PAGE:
Yet the university cannot so easily avoid Grace's reasoning. In addition to its desire to protect the traditional public fora, the Court was concerned with the adequacy of the notice provided to those who reasonably thought they were on public grounds. This is evident from the Court's prolonged discussion of the lack of any indication or dividing line that would inform a protester that he had entered some special "enclave" where free speech was not protected. Similarly, here the plaintiffs and other members of the public cannot be certain when they have entered the university's enclave, and notwithstanding the university's concerns about the intricacies of architectural design, First Amendment cases often turn on very particular facts.
While both sides make plausible arguments, and while it could be onerous for the university to have to open up the entire area outside the Erwin Center to public discourse, the concerns with chilling otherwise constitutionally-protected speech are paramount. If individuals are left to guess whether they have crossed some invisible line between a public and non-public forum, and if that line divides two worlds--one in which they are free to engage in free speech, and another in which they can be held criminally liable for thatspeech--then there can be no doubt that some will be less likely to pursue their constitutional rights, even in the world where their speech would be protected.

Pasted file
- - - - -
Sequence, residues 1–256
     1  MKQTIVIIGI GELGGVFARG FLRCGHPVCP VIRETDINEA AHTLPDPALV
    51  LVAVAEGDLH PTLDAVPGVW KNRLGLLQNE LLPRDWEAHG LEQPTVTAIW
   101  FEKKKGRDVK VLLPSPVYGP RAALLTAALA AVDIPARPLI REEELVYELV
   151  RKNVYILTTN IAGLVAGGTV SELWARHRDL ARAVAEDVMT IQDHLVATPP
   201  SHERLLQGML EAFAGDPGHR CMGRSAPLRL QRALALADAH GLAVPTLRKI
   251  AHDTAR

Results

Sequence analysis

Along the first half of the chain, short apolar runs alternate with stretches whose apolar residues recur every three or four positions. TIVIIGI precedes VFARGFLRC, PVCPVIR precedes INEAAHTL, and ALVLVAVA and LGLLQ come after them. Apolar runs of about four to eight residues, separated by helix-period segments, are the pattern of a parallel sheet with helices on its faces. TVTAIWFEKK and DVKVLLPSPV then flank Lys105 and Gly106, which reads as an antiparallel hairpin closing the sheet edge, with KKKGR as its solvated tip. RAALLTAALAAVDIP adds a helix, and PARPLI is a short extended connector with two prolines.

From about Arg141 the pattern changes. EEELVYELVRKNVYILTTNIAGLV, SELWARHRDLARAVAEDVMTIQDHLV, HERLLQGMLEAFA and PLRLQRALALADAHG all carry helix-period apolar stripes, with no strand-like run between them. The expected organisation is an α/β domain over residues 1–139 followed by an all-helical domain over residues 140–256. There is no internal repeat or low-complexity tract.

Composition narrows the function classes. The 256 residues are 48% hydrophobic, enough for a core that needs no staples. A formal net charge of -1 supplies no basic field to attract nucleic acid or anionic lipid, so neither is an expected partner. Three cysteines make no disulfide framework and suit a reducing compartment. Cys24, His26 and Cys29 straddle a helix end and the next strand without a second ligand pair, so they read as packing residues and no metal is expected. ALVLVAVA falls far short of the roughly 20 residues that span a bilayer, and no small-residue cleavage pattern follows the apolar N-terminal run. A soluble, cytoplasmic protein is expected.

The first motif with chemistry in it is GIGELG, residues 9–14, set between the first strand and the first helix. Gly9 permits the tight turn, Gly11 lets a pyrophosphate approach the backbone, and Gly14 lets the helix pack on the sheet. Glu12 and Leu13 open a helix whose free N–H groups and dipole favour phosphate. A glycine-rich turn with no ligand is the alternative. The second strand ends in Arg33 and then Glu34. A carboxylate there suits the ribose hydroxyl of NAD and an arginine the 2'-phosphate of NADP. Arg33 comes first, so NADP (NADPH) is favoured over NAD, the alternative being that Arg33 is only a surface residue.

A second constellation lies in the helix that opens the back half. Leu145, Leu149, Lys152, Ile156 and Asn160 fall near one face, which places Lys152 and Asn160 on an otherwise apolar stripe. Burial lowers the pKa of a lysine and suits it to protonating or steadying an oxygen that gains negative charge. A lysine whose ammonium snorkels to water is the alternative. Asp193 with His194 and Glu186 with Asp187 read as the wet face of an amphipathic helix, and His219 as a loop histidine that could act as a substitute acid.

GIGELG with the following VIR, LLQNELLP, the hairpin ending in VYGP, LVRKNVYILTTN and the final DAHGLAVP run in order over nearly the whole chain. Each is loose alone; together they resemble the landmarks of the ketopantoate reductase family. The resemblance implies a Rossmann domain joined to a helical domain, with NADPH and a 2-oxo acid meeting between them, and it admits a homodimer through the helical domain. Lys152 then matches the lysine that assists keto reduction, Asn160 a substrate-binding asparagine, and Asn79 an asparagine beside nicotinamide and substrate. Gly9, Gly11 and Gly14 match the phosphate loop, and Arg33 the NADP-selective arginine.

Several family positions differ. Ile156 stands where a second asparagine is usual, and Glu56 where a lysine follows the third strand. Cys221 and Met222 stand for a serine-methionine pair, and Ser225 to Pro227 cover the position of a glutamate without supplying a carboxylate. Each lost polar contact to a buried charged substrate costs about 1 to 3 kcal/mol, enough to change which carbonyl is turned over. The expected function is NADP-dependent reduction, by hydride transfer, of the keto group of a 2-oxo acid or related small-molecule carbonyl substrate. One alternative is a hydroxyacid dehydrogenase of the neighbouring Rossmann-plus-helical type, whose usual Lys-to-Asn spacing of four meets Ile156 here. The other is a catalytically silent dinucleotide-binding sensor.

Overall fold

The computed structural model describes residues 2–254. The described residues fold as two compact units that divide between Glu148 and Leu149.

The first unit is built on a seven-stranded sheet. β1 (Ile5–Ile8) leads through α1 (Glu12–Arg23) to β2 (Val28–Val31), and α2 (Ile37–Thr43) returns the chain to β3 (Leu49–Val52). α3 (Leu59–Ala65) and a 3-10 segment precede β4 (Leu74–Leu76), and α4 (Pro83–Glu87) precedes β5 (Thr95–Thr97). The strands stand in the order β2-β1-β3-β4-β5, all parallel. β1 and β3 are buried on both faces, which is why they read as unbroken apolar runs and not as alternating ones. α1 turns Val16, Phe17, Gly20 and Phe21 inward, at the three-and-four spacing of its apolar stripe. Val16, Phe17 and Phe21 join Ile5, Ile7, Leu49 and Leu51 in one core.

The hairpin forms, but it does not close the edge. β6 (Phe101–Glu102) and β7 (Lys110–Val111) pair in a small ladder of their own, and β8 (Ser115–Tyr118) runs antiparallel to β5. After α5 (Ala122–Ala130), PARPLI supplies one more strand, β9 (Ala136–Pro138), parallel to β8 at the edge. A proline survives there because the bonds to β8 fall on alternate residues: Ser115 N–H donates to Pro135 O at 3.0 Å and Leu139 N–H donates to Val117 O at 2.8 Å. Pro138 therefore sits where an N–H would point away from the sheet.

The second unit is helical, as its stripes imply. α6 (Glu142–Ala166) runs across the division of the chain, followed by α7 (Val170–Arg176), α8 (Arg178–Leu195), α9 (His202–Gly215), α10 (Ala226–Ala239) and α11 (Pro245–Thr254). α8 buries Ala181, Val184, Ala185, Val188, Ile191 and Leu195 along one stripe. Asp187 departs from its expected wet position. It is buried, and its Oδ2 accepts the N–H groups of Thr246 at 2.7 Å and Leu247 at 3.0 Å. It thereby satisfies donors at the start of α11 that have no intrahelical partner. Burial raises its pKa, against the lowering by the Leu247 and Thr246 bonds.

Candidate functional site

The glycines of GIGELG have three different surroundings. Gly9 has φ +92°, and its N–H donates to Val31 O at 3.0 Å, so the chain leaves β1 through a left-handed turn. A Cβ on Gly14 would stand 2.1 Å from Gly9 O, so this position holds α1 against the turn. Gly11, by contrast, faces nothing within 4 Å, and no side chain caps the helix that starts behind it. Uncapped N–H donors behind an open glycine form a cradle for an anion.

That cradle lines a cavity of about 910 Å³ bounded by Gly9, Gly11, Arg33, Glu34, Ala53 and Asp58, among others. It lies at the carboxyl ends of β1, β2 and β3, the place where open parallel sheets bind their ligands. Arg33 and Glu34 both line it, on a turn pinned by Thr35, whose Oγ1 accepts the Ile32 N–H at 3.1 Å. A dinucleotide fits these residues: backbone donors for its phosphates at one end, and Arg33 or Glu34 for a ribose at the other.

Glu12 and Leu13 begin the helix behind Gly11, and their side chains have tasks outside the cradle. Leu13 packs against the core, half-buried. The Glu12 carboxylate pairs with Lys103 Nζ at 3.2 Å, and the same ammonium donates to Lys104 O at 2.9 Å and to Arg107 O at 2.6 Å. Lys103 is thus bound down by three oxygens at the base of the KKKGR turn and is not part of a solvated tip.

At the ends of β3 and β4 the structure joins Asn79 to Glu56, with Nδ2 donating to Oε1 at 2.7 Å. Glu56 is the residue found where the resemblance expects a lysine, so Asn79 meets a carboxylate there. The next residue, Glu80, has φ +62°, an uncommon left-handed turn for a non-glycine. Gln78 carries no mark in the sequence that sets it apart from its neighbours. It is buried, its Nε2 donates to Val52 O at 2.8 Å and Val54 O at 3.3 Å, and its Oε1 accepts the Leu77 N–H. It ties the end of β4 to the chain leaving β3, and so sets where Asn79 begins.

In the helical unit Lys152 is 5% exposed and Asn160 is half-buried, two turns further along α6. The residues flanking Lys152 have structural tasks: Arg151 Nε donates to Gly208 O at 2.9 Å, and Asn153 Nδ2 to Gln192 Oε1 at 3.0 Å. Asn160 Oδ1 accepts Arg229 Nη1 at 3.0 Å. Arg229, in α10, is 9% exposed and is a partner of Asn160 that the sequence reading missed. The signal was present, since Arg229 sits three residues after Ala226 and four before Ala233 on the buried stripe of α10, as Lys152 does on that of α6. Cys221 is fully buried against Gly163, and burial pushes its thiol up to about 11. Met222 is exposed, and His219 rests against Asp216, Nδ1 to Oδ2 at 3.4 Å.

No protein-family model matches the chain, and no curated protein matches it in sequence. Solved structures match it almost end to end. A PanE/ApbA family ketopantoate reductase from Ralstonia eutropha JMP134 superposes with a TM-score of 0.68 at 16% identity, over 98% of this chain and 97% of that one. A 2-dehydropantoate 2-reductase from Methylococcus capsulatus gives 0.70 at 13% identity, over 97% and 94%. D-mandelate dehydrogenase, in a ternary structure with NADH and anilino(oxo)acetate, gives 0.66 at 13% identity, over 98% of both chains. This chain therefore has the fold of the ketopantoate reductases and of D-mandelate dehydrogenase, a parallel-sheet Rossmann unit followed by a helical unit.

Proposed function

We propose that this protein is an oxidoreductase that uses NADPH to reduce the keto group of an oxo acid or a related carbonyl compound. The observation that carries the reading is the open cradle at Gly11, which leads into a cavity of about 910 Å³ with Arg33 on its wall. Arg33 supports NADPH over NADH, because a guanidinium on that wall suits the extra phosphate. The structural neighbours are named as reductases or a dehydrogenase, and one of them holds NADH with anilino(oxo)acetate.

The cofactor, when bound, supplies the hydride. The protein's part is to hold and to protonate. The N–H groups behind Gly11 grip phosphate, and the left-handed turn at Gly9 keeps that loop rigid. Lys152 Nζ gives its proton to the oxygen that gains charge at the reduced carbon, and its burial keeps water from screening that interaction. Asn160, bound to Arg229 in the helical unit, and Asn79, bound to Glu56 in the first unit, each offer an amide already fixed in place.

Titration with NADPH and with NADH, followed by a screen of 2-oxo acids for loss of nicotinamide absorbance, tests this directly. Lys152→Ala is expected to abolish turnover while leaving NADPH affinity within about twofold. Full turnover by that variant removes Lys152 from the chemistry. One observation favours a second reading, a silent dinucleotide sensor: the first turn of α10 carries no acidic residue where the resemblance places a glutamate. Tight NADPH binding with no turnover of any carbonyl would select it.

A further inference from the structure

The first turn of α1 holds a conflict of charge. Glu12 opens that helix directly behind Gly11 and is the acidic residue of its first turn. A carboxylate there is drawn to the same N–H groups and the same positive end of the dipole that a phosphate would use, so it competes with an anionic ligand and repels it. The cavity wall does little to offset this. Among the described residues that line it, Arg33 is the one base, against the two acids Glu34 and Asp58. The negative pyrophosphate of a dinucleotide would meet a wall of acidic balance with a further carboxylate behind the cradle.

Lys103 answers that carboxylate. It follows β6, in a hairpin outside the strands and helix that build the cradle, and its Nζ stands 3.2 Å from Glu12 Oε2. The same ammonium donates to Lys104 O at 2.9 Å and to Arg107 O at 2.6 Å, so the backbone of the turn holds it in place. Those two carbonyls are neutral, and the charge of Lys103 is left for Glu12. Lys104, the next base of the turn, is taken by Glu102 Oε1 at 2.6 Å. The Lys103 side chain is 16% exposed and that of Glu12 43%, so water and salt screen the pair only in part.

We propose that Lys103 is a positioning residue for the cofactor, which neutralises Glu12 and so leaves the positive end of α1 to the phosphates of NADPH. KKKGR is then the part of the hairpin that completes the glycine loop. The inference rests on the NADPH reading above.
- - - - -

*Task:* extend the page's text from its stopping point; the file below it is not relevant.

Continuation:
Moreover, it is of little consequence that the university's officers first warn the protesters before they arrest them. The constitutional right to free speech suffers injury when this impermissible amount of doubt is introduced, and when constitutional expression is chilled.
Furthermore, the university's burden is not so overwhelming as it claims. While the district court did hold that the Erwin Center's grounds, between the base of the building and the curb of Red River Street, were a public forum, it nevertheless left the university the option of reasonable time, place, and manner restrictions. Thus, the university still can remove anyone who interferes with the flow of traffic to and from the Erwin Center, thereby ensuring that the university's interests retain some protection.
The district court reached the correct conclusion based on the very specific facts set forth here--i.e., a unique piece of university property that is, for all constitutional purposes, indistinguishable from the Austin city sidewalk. Accordingly, the judgment in that respect is affirmed.5
On cross-appeal, plaintiffs present three challenges to the conclusion that they suffered no violation of their constitutional rights. We consider each in turn.